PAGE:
Bhaja Caves - the lesser known exquisite Buddhist caves of Maharashtra

Bhaja Caves is a small cluster of Buddhist Caves built by the Hinayana sect of Buddhism near Lonavala in Maharashtra. The work on these Caves started in 2nd century BC and finished in 2nd century AD. Over these 300 years, 22 Caves were made though today only a few of these are accessible for travellers.

Bhaja Caves near Lonavala
Chaitya hall at Bhaja Caves

Main attractions at Bhaja Caves


The main excavation here is the Chaityagraha. This was also a period of transition in architecture practices in building and reinforcing caves and temples. The earlier method was using ribbed wooden fitted ceilings to support the large prayer halls. These timber elements slowly became a part of design sensibility and continued to be used to keep a connection between the past and the present. When these Caves were built, their role was purely ornamental, and not structural.

Entrance to the Chaityagraha
Stupa in the Chaityagraha

The Stupas

The other striking part of the cave excavation is a collection of stupas. Some of these are carved deep into the rock, while a few are outside. The result is a fascinating space where you can walk in and around.

The stupa collection


Another very interesting, yet easy to miss attraction here are the carvings on the rocks. There are a few of them near the Stupas, while a few more are in the caves. Do keep an eye for them :)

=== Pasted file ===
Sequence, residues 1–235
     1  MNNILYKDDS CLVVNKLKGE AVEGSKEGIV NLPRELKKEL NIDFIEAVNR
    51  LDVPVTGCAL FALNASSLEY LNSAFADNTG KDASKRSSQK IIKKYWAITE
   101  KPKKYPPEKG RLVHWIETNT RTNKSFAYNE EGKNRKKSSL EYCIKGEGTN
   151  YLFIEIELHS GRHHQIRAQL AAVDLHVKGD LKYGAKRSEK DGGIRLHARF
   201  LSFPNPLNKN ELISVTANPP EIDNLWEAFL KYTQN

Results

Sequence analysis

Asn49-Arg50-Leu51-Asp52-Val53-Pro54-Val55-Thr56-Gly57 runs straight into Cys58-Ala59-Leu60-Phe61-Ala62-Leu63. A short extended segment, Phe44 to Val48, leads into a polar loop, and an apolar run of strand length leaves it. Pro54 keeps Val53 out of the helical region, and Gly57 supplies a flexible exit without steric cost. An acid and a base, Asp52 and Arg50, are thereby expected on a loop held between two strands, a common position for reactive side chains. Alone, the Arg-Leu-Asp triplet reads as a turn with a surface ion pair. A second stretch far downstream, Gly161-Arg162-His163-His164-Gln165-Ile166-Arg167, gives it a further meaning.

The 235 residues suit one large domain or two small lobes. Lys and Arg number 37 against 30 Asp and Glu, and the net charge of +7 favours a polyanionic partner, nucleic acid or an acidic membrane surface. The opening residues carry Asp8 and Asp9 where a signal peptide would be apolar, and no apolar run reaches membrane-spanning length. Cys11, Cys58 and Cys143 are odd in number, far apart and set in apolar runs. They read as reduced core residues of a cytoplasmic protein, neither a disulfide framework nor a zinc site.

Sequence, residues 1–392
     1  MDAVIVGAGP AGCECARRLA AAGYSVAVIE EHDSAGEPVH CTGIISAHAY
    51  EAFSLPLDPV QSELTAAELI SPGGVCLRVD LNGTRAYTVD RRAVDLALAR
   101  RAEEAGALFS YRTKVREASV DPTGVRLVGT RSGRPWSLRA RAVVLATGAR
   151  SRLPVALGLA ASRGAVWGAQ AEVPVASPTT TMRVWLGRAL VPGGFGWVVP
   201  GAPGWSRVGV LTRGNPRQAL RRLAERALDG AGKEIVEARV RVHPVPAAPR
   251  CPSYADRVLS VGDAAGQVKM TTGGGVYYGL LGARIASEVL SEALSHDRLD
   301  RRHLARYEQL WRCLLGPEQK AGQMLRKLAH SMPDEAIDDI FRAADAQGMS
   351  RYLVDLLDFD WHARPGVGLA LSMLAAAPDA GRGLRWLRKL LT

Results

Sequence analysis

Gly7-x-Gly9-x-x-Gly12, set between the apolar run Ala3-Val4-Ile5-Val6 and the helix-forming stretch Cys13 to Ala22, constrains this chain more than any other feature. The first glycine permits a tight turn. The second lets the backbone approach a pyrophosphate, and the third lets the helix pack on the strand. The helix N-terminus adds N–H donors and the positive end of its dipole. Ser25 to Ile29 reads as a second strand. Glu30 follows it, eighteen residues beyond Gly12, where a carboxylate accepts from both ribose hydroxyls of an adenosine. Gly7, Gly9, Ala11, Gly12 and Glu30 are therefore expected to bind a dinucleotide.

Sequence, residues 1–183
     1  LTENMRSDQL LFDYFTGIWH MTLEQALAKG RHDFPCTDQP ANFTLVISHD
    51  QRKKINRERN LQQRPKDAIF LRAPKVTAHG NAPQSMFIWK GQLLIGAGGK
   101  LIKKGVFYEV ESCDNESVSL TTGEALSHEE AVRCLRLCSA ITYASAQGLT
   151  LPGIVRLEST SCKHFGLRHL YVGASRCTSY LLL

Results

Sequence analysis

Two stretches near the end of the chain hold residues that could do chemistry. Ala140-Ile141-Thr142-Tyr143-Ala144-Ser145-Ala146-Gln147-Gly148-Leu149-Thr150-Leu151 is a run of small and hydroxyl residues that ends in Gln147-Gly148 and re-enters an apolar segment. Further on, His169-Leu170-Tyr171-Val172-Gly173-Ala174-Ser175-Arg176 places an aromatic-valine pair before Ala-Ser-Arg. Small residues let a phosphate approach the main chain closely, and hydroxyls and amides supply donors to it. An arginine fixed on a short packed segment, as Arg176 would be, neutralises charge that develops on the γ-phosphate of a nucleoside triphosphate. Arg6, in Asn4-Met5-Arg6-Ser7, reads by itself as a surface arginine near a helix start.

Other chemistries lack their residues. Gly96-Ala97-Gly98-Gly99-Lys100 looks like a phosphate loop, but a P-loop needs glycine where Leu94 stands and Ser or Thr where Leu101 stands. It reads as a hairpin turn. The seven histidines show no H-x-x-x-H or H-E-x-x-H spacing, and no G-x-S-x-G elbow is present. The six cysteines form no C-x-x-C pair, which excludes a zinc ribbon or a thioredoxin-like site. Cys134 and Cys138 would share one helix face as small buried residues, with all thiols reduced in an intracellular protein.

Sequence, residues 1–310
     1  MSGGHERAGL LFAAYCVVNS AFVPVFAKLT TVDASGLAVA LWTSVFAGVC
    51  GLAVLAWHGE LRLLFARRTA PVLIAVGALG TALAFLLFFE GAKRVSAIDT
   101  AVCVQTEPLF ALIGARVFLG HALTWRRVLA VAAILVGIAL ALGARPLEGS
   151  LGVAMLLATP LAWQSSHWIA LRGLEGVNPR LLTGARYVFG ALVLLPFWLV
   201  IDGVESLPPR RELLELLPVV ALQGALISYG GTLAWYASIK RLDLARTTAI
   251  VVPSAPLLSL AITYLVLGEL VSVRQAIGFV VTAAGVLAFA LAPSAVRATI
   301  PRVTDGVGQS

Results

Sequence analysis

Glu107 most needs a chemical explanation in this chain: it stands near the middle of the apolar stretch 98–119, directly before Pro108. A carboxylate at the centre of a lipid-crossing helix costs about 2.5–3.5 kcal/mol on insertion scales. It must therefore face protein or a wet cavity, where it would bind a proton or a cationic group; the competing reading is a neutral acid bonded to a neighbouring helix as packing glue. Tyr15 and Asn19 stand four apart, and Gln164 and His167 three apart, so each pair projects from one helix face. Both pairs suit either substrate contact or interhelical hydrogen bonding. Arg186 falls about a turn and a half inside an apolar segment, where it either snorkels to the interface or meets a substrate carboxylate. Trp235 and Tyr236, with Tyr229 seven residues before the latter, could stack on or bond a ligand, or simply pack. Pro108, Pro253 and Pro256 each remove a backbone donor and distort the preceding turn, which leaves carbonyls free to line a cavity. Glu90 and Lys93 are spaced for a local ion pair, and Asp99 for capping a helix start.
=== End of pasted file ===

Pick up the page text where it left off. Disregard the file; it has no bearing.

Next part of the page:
Carvings at Bhaja caves
Carving at Bhaja caves

My visit to Bhaja Caves

My visit to the Bhaja Caves was a sight for the sore eyes. I had just visited the Karla Caves early morning and was extremely disappointed and disheartened by the way those historical Caves were kept and slowly getting destroyed (read more: Buddhist Caves turned into a dancing arena). It was so so sad to be there that I literally ran away.

Now my driver had no clue about Bhaja Caves, so we had to use google maps to locate the Caves. He was so convinced that nothing like this existed that he walked all the way up to the Caves with me to confirm. Both of us were rather impressed by the nicely kept Caves and lack of commercialisation there. It was a hot day and only a few tourist were around, which was so comforting after witnessing the mayhem and traffic jam on the hill at Karla Caves.

View from inside the cave
View form top of the caves

I sat, took notes, made a few videos and even fewer pictures, but was so much at peace. A couple sat next to me and I couldn't help but hear their conversation. They were breaking up because of parental pressure and this was their last meeting, both hugged and sobbed, completely oblivious to the world around as well as a stranger taking pictures (that's me). It's so disappointing to see how many people who love each other continue to be separated due to different religions, castes and economic strata. Sad to see love losing the battle for one more couple...

Practical details

Entrance fee:

Citizens of India and visitors of SAARC (Bangladesh, Nepal, Bhutan, Sri Lanka, Pakistan, Maldives and Afghanistan) and BIMSTEC countries (Bangladesh, Nepal, Bhutan, Sri Lanka, Thailand and Myanmar): Rs. 15
Others: Rs. 200
Children: Free (up to 15 years)

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